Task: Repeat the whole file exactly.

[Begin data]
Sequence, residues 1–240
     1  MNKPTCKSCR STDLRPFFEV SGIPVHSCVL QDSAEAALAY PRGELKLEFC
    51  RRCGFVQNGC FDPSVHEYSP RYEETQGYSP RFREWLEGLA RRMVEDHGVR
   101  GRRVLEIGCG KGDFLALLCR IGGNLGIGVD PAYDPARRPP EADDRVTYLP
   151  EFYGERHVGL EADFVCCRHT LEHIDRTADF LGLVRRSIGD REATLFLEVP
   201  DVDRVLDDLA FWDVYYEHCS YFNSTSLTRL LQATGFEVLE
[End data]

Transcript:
Sequence, residues 1–240
     1  MNKPTCKSCR STDLRPFFEV SGIPVHSCVL QDSAEAALAY PRGELKLEFC
    51  RRCGFVQNGC FDPSVHEYSP RYEETQGYSP RFREWLEGLA RRMVEDHGVR
   101  GRRVLEIGCG KGDFLALLCR IGGNLGIGVD PAYDPARRPP EADDRVTYLP
   151  EFYGERHVGL EADFVCCRHT LEHIDRTADF LGLVRRSIGD REATLFLEVP
   201  DVDRVLDDLA FWDVYYEHCS YFNSTSLTRL LQATGFEVLE